Then in 2011, Sebastian Thrun, a professor of computer science at Stanford University, taught an on-line computer science class in parallel with his regular class. The on-line class was phenomenally successful, with many of his Stanford students preferring it to the in-class version. In the wake of this success, Thrun founded Udacity, one of the first private educational organizations offering MOOCs (massive open online courses). Udacity offers a variety of courses in computer science and engineering absolutely free. There are now several such organizations, including edX, Coursera, and Academic Room.

Like the Khan Academy, Udacity is funded by donations, but it has developed another funding source as well, one with significant implications for the future of higher education: employers. The Udacity curriculum attracts a huge number of students from all over the world. As the students progress through the curriculum, Udacity can identify the most gifted students and connect them with employers looking for students with certain training. In exchange for this service, Udacity receives one fifth of the first year’s salary.

The potential for this business model is huge. Employers have long complained that colleges are not providing up-to-date training appropriate for the workplace. This business model motivates Udacity and other organizations offering MOOCs to provide the kind of training that employers want, and in exchange it provides employers with well prepared, cream-of-the-crop workers. This model could be expanded to a wide variety of professions, providing free, appropriate training to a vast number of potential employees.

If this were to happen, it would have enormous implications for colleges. Businesses would be hiring employees on the basis of test-determined competency rather than college degrees. Many high school graduates would by-pass an expensive college education and would instead receive free training for the workplace on line. Accreditation would become largely irrelevant, and colleges would be scrambling to find a way to attract paying students. This would constitute a major transformation of our system of higher education.

Would all of this be a positive development? In many respects it would be. Vocational training would be affordable to anyone who can gain access to a computer and the internet. This is an amazing possibility. It would allow those who are able to thrive in the on-line education environment to rise to the fore and gain access to jobs that would otherwise have been unthinkable. All of this is probably for the good.

I have one very grave concern, however. Education—real education—would fall by the wayside. No longer would there be any cultural mandate for young people to learn anything outside of their narrow vocational training. This would just be the final step in a trend that has been long in process.

Our culture has concluded that education ought be nothing more than vocational training, which largely consists of the transmission of knowledge and skills. Much of that kind of training can be done on line as well or better than in a classroom. So why not do it through a MOOC, since that is far more cost effective?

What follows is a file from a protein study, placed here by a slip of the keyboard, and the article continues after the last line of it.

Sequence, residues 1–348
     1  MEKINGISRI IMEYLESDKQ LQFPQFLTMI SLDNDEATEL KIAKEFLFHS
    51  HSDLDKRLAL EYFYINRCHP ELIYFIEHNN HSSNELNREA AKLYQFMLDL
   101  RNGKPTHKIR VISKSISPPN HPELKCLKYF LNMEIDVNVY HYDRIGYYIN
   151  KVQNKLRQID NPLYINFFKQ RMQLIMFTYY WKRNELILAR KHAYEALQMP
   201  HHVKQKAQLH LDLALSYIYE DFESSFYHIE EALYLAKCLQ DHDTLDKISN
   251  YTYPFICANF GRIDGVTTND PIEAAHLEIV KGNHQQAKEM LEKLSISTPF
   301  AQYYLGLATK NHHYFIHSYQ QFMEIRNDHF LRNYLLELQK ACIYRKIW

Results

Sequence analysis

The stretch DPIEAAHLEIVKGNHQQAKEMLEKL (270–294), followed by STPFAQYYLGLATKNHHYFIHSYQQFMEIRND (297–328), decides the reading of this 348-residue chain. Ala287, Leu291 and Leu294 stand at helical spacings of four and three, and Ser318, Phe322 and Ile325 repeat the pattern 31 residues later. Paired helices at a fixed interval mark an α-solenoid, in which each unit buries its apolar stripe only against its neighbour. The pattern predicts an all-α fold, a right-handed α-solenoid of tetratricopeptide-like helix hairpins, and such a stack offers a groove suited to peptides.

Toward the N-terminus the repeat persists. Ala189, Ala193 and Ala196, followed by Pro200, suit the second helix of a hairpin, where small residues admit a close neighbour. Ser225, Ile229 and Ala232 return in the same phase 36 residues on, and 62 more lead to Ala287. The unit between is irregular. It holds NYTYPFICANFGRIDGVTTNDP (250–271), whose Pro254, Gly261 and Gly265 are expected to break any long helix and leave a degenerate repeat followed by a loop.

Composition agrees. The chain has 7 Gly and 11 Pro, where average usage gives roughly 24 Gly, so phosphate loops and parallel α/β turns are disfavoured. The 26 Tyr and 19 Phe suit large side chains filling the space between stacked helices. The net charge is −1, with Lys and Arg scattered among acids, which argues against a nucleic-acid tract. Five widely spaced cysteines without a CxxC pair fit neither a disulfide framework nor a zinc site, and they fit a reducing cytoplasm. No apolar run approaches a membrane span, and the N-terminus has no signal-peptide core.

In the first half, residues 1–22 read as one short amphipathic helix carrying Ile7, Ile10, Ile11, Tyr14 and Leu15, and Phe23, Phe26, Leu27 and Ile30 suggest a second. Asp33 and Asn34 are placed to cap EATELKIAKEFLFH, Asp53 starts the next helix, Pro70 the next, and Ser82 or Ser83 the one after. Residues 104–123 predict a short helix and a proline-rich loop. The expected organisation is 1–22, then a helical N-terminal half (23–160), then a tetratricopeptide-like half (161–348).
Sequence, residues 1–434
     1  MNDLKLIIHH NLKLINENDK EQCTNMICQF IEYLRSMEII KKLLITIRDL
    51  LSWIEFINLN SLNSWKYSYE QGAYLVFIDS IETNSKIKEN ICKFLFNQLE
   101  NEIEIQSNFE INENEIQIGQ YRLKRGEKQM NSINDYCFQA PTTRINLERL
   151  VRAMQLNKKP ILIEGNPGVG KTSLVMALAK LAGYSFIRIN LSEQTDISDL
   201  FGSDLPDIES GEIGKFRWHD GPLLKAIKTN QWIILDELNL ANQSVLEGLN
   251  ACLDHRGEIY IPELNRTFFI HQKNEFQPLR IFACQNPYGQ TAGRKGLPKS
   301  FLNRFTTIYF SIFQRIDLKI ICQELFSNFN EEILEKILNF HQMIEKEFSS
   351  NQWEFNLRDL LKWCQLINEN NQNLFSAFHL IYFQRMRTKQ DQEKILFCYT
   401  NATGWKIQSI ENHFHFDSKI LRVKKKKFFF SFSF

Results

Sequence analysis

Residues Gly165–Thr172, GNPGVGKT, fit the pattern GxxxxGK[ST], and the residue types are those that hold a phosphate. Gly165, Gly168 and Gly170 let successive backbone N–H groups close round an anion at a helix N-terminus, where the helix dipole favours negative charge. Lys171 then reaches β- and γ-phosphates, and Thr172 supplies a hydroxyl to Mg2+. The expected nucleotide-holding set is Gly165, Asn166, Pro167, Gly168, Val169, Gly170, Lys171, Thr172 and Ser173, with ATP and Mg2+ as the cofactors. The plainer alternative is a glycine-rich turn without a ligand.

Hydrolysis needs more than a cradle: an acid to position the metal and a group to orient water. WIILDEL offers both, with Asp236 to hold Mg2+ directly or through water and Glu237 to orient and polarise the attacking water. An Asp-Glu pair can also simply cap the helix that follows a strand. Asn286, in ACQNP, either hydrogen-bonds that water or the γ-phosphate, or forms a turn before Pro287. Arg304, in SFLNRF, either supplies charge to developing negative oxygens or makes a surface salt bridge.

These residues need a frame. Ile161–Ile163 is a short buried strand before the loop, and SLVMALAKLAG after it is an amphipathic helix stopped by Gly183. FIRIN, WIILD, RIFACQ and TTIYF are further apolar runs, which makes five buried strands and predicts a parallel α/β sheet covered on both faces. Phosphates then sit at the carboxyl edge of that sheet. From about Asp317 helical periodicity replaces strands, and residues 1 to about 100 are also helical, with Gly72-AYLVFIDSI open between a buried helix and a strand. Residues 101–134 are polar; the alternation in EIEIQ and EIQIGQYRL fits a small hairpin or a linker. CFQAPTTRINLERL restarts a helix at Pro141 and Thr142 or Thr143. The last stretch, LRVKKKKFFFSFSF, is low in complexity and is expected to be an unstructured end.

But education, real education, old-fashioned, traditional education is a vital activity for any culture. Traditional education is the process whereby the older generation transfers to the younger generation learning skills and the accumulated wisdom and values that have stood the test of time. Whereas vocational training has a very narrow and specific goal—that is, to prepare young people to be workers—traditional education is essentially training about how to be a human being. This kind of education includes a wide range of skills and wisdom. It includes learning to deal with success graciously and failure gracefully, learning to interact with others respectfully and constructively, learning the subtlety of human language and the complexity of human thought, learning the principles by which a healthy economy and a healthy polity operate, and learning what it means for a person to make peace with his or her creator. A liberal arts education, like Gutenberg College offers, embodies this approach to education.

Many who would agree that education in this sense is important for every child think that grade school and high school can adequately provide it. While I would agree completely that the education young people receive in these early years is very important, I do not believe it is adequate. Many important things simply cannot be learned until an individual has had enough experience of life and maturity to learn. Based on my experience, young people are rarely ready for the kind of real education I have described before they have graduated from high school. This is why the nature of higher education is so important for our culture.

Our culture has neglected real education for several decades now, and our colleges began dedicating themselves to vocational training. A turn to the MOOCs would, therefore, just be one more step in the direction that our society has been going. I just hope that our culture recognizes the need for a vehicle for passing on the art of living life to the younger generations before it is too late. Like many important arts, the art of living well takes several generations to learn, but it can be lost in one.

Copyright March 2013 by McKenzie Study Center, an institute of Gutenberg College.

David Crabtree